Boron Nitride vs Boron Carbide
Both boron carbide and boron nitride are non-oxide engineering ceramics, which are widely used in many industrial processes today, including high-temperature furnace fixtures and electronic systems.
This article explores most of the individual properties of boron carbide and boron nitride, as well as their industrial applications.
Boron nitride is a non-oxide engineering ceramic composed of boron and nitride, with a moderately low density compared to other non-oxide engineering ceramics. Boron nitride is a white crystalline solid material. It is resistant to heat and chemical attack and has refractory properties. The material exists in multiple polymorphs due to its platy hexagonal crystals. Boron nitride finds application in a wide range of industries.
Boron nitride is also known as “white graphite” because it is a lubricious material with similar platy hexagonal structure as carbon graphite. But unlike graphite, BN is a very good electrical insulator. It offers very high thermal conductivity and good thermal shock resistance. In inert and reducing atmospheres, boron nitride is stable for up to 2000°C, while in oxidizing atmospheres, it is stable for up to 850°C.
Three grades of this material are in common use. These include a boric oxide binder system, a pure diffusion bonded, and a calcium borate binder system grade. Each grade functions with different performance for different purposes. For instance, the boric oxide and calcium borate containing materials absorb are resistant to moisture, preventing swelling and property degradation. The pure boron oxide material which has no binders serves well in extreme temperature and where purity is important.
Boron Nitride Properties
1. Heat and chemical resistance: With a melting point of 2,973°C and a thermal expansion coefficient above that of diamond, it resists decomposition even at 1000°C and will not dissolve in common acids.
2. Thermal conductivity: boron nitride has a thermal conductivity comparable with that of graphene at 1700 to 2000 W/mK.
3. Lubrication: Boron nitride can boost the coefficient of friction of lubricating oil and reduce the potential for wear.
4. Density: the density of boron nitride ranges from 2.1 to 3.5 g/cm3, depending on the prevailing form.
Applications of Boron Nitride
As a Lubricant: The hexagonal form of boron nitride serves as a lubricant in paints, cement for dental applications, cosmetics, and pencil lead, and cement for dental applications. This is because boron nitride has significantly better chemical stability and electrical conductivity, even compared to graphite.
Equipment in high-heat environments: because of its exceptional resistance to heat, the compound is used in a wide variety of applications involving very high temperatures.
Semiconductor industry: the intrinsic thermal and dielectric properties of boron nitride make it suitable for developing metal-oxide-semiconductor field-effect transistors (MOSFETs) and semiconductors.
Abrasive and cutting implements: cubic boron nitride (one of BN polymorphs) can serve as an abrasive material for materials like iron, nickel, and other alloys, especially where diamond is not suitable (due to extreme heat).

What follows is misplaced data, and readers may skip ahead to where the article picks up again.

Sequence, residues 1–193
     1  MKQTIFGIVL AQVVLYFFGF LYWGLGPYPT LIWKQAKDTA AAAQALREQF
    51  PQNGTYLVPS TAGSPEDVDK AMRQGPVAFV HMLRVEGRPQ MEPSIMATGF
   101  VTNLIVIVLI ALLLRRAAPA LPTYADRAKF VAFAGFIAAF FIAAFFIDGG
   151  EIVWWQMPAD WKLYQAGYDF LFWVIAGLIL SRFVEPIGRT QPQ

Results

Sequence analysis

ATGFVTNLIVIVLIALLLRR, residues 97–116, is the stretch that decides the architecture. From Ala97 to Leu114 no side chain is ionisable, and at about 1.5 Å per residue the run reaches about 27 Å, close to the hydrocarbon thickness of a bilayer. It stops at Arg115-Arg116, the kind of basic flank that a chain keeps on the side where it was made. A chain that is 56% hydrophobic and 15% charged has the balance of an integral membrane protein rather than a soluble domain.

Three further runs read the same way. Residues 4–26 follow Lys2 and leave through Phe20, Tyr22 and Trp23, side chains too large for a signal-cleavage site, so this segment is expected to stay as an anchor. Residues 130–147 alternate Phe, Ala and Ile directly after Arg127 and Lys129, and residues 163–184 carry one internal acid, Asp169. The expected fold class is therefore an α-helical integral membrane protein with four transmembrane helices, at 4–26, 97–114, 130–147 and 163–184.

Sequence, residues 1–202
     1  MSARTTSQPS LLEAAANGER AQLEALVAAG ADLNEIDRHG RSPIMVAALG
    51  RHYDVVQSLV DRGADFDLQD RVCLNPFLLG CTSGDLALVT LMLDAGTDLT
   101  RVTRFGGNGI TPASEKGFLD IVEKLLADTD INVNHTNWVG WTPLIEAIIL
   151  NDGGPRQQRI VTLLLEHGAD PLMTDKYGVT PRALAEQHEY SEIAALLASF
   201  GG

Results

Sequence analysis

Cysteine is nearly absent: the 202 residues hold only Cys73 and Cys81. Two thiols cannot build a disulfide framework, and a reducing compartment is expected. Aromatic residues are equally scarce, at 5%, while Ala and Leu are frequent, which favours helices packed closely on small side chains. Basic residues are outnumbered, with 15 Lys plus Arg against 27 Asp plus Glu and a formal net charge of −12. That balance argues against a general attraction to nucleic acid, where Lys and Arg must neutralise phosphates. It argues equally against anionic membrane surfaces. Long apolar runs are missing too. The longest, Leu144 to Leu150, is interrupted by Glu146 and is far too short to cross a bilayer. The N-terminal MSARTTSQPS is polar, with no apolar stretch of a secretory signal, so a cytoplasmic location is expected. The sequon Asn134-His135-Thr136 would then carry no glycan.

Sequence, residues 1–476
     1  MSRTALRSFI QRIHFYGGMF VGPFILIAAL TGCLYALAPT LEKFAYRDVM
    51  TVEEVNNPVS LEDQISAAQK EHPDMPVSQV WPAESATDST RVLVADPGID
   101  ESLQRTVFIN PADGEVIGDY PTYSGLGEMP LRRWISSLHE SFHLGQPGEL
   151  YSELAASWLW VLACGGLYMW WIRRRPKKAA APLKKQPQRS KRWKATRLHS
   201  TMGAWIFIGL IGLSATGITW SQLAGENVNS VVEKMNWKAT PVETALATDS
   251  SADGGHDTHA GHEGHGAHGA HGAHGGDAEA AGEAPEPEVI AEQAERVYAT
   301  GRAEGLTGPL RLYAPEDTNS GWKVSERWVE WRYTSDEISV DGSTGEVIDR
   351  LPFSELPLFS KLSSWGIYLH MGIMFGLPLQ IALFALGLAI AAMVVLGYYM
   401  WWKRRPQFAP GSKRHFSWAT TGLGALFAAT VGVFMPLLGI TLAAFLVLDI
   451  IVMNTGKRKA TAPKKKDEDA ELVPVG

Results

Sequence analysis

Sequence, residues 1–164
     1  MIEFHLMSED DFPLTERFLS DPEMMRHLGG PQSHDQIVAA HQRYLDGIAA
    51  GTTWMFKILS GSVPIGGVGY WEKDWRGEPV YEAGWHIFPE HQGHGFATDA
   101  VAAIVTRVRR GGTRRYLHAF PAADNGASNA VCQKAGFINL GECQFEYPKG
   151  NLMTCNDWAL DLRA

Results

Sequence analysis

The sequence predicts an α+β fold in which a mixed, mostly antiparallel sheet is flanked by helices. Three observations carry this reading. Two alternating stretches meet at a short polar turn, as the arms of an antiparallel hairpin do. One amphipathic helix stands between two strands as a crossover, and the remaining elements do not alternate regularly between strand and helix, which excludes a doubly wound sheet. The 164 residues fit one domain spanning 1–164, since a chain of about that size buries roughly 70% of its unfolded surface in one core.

Boron carbide is also a non-oxide engineering ceramic with moderately high heat capacity. Boron carbide is known for high-temperature stability and thermoelectric properties. It is a highly refractory material, which is important for both structural and electronic applications. The unique combination of properties of boron carbide makes it an ideal material for a wide range of engineering applications.
Due to its extreme abrasion resistance, it is used as abrasive powders and coatings; because of its hardness and low density, it is perfect for ballistic performance and is used as a neutron radiation absorbent in nuclear applications.
Properties of Boron Carbide
1. Boron carbide has a molar weight of 55.255 g/mol and a density of 2.52 g/cm3.
2. It has a melting point of approximately 2350 °C with a boiling point of 3500 °C
3. The hardness of the compound is up to 9.3 and the bending force is greater than 400 MPa. This property is central to a lot of boron carbide applications, including its usefulness in ballistic performances.
4. Boron carbide does not react with acidic or alkaline solutions. It's also resistant to high temperatures.
5. Boron carbide has a high cross-section of thermal neutron capture, as well as good anti-radiation properties and excellent neutron absorption power in nuclear reactors,
Applications of Boron Carbide
Boron Carbide is well suited for a wide variety of industrial applications due to its hardness, chemical inertness, and high neutron absorption cross-section.
- It is used as abrasives for lapping and ultrasonic cutting
- In nuclear reactors, boron carbide can be used as reactor control rods and neutron radiation absorbent.
- It serves as an antioxidant in carbon-bonded refractory mixes.
- Boron carbide is suitable for making cutting and grinding tools because of its hardness.
- Boron carbide nanoparticles are used in the manufacturing of tank armors. And because of their hardness and low density, they are also used in manufacturing bulletproof vests
- The nanoparticles of the compound are used in ceramic bearings to check wear and tear from; wire drawing dies and blasting nozzles due to their remarkable wear resistance.
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